OT: Sarcasm and irony

Steve Holden steve at holdenweb.com
Tue Oct 10 10:09:45 CEST 2006


bryan rasmussen wrote:
>>>>E. g. [in Java there is] no operator overloading, but "+"
>>>>concatenation of strings. What if you'd like to implement your own
>>>>string-derived class? Ah, never mind. Operator overloading is
>>>>bad(tm) ;) <= Irony, definitely
>>>
>>>Definitely? That one strikes me more as sarcasm.
>>
> 
> Well irony originally started out as a very specific concept of the
> Ancient Greek drama, this is what we nowadays refer to as Dramatic
> Irony but it is the original irony. Irony then became a literary
> concept for plot elements similar to Dramatic irony in books, or a
> weaker type of the Dramatic irony found in the plays of Shakespeare.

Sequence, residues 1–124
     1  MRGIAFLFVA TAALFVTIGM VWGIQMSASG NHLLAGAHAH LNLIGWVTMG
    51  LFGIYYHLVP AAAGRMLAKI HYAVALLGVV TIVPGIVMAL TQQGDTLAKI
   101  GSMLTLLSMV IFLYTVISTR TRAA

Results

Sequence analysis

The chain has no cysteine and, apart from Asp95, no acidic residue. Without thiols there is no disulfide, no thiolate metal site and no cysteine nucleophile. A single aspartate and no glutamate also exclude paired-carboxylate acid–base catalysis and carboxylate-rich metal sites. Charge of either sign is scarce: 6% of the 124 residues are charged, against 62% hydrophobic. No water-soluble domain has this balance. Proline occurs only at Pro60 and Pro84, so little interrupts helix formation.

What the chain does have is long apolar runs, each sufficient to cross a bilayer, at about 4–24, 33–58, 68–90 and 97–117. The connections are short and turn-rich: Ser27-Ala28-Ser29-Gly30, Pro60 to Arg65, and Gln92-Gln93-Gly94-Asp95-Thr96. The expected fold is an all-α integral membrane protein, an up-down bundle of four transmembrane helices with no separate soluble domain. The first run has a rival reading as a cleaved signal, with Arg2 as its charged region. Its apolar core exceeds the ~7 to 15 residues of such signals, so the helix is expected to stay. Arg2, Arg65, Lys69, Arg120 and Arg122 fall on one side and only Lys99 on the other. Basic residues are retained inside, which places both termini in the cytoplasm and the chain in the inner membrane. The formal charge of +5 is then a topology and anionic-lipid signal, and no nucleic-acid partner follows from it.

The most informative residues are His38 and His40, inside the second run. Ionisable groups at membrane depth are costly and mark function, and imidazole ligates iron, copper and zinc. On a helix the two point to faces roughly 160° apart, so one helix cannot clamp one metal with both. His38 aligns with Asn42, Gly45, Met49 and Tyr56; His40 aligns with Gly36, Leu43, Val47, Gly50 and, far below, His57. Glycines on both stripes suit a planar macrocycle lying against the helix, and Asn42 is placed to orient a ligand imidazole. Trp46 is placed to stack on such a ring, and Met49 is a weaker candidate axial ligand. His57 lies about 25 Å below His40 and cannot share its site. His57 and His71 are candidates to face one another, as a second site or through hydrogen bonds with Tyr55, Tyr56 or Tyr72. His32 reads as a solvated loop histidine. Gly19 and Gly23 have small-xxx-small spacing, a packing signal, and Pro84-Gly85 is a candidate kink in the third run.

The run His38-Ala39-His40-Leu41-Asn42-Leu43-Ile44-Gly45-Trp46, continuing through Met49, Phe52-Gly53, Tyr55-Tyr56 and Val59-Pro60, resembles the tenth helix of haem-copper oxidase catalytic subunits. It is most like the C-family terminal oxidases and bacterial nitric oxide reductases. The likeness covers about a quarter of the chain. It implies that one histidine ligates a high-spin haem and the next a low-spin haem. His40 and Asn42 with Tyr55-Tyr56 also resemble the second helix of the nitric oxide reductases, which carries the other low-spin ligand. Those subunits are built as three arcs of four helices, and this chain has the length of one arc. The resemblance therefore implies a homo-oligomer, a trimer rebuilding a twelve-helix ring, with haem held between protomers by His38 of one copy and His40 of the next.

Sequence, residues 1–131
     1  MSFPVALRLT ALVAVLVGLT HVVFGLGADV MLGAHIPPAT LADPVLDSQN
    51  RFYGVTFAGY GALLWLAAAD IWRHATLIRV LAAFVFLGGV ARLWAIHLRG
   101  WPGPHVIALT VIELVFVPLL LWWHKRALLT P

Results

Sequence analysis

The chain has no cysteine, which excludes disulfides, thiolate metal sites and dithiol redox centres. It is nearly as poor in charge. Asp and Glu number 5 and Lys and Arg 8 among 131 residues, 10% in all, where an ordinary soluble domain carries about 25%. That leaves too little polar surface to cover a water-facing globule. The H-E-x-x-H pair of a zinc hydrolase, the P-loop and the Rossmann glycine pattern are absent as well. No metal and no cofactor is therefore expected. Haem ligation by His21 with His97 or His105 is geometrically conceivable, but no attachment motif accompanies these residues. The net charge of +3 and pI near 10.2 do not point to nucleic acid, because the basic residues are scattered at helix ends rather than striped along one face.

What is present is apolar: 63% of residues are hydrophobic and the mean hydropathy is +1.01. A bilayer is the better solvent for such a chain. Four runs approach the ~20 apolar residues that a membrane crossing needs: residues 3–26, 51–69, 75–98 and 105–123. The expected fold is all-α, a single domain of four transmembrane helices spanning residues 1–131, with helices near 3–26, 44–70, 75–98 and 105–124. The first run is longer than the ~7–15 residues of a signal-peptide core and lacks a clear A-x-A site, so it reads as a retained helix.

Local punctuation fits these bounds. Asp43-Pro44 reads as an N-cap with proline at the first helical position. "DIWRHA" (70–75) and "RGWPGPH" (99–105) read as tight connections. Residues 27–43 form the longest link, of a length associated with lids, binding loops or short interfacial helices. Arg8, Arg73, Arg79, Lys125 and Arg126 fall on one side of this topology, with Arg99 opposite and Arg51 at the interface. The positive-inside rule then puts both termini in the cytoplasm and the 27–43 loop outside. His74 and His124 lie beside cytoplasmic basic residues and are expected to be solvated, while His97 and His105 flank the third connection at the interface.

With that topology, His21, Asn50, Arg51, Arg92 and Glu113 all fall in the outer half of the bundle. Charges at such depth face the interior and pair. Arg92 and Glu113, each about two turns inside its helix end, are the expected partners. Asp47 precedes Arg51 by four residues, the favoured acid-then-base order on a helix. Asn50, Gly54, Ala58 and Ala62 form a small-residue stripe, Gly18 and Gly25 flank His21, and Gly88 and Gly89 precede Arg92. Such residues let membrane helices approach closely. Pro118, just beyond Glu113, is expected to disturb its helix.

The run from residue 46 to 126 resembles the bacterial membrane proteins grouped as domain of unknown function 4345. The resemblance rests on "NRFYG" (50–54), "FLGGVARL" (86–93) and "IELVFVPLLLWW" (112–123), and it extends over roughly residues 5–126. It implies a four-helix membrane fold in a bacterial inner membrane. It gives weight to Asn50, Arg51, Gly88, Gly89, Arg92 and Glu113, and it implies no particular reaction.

> People then noticed that life was at times ironic in the literary
> manner. Nowadays the use of the word irony has degenerated to by
> pretty much synonymous with sarcasm.
> 
... in America. It's well-known among Brits that Americans don't 
understand irony. They can be pretty oblique when it come to sarcasms 
too, for that matter.

regards
  Steve
-- 
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